This film is part of Rentals
Stewart Mackinnon’s avant-garde adaptation of Marquis de Sade’s infamous erotic novel has been near impossible to see since 1976.
Director: Stewart Mackinnon
The directorial debut of illustrator and producer Stewart Mackinnon, Justine is a near-lost example of British avant-garde cinema of the 1970s. Produced by the BFI Production Board in 1976, it has been out of circulation for the entire 40 years since.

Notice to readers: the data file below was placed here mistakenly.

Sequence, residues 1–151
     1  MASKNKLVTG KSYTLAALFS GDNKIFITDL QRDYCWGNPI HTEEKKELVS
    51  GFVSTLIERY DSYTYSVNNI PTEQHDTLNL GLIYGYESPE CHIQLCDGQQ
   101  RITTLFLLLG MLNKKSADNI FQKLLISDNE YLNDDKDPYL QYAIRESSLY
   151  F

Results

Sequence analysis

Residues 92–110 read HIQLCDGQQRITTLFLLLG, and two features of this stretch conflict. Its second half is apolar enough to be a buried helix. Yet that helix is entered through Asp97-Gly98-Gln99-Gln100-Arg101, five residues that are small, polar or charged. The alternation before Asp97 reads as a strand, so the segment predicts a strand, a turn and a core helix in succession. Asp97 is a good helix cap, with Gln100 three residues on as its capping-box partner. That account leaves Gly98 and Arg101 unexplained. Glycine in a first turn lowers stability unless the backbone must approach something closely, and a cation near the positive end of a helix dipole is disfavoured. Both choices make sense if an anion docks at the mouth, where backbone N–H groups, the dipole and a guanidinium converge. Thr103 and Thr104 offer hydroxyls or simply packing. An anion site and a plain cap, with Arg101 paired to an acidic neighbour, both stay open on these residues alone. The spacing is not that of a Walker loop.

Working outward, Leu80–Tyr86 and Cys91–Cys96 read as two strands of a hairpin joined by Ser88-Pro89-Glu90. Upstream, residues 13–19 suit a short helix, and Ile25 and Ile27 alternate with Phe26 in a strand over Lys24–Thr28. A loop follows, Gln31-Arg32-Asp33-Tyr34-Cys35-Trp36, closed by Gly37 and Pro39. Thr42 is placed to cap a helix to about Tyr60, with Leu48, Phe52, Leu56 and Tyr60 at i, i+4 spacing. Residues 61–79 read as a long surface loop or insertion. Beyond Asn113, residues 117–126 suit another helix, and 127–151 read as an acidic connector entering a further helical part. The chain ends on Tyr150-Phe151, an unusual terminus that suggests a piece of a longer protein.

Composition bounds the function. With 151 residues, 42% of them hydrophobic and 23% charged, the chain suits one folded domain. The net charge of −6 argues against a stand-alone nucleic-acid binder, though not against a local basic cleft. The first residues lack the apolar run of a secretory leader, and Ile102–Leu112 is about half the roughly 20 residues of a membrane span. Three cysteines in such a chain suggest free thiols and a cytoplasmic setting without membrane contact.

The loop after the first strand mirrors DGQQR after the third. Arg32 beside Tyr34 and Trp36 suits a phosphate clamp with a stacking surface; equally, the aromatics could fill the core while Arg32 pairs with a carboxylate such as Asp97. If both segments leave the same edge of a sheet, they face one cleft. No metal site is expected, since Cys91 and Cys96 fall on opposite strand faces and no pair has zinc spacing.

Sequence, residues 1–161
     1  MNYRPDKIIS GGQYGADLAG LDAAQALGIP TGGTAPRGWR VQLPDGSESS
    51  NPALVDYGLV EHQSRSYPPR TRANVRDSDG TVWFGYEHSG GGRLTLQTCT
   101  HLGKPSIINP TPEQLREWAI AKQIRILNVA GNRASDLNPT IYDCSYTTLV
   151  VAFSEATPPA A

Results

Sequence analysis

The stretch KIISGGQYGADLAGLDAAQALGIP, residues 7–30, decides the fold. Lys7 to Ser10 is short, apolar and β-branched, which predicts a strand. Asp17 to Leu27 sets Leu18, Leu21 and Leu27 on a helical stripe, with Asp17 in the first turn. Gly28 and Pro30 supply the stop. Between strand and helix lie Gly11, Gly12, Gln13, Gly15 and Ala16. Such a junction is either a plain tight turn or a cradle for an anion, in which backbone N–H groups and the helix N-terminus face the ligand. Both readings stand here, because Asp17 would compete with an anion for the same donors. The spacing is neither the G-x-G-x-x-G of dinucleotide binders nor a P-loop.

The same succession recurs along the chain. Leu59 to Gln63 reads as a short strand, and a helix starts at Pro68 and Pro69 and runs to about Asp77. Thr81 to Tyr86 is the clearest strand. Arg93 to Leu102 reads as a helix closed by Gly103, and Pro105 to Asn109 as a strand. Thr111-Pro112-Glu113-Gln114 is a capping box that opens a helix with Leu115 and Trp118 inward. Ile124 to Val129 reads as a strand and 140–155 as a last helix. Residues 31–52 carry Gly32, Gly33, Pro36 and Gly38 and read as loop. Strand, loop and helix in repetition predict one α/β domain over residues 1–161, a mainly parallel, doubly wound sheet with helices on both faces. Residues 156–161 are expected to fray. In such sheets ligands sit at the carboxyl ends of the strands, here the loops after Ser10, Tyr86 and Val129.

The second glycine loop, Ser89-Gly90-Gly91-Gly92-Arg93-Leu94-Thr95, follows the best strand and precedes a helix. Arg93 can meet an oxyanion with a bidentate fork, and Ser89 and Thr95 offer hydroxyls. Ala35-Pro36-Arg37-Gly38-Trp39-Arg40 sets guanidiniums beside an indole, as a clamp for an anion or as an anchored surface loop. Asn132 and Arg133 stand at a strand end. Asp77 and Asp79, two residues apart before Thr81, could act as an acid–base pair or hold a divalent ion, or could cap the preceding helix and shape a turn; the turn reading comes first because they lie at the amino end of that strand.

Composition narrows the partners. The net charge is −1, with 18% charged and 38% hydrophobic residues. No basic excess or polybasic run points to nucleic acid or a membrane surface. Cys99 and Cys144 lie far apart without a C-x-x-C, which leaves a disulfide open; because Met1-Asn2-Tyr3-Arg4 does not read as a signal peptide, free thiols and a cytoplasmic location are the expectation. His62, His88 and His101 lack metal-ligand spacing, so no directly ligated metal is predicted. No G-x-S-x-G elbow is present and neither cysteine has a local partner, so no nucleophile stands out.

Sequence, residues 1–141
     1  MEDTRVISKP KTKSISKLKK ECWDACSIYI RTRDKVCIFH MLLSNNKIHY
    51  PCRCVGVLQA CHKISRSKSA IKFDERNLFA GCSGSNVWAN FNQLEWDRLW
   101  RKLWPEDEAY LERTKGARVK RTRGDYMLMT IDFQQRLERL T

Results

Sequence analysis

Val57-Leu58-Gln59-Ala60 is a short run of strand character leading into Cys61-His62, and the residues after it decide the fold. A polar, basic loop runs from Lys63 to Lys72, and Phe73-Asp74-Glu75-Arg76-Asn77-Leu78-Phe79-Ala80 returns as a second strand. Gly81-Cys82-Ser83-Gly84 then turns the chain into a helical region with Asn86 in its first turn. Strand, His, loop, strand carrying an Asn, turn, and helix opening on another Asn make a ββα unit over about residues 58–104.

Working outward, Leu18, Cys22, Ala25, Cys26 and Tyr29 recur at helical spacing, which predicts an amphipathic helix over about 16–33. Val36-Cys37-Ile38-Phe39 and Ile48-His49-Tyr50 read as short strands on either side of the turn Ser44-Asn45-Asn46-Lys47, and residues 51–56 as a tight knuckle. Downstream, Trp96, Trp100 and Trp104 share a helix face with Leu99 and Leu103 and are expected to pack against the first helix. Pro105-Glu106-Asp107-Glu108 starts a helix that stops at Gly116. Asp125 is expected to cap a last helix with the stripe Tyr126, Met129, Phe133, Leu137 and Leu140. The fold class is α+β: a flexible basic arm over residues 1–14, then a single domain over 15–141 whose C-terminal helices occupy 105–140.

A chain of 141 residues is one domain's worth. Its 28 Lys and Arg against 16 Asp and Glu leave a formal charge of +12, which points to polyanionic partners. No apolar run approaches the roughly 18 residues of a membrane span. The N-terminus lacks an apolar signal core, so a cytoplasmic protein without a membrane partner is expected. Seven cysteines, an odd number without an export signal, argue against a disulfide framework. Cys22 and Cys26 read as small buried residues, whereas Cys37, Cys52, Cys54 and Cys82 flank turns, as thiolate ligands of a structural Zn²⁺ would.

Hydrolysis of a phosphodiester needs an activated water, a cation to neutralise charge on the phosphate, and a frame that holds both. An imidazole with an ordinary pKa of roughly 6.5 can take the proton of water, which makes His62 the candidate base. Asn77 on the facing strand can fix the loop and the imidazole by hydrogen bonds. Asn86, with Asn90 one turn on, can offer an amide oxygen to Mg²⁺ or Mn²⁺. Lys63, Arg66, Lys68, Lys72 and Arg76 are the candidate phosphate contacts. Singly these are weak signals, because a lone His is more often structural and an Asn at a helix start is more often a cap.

A far cry from confrontation contemporaneous de Sade adaptations such as Jesus Franco’s Justine or Pier Paolo Pasolini’s Salo, Mackinnon approaches the infamous erotic novel in slightly more sober fashion, restaging sections a series of static tableaux with dialogue lifted straight from the page. And unlike most examples of Sadean cinema, Mackinnon’s film is undeniably an experimental work, very much to be appreciated in the context of radical 70s cinema. But the film’s Brechtian style and unusual historical dramaturgy may also be appreciated by admirers of films like Walerian Borowczyk’s Blanche, Robert Bresson’s The Trial of Joan of Arc and Kevin Brownlow and Andrew Mollo’s Winstanley.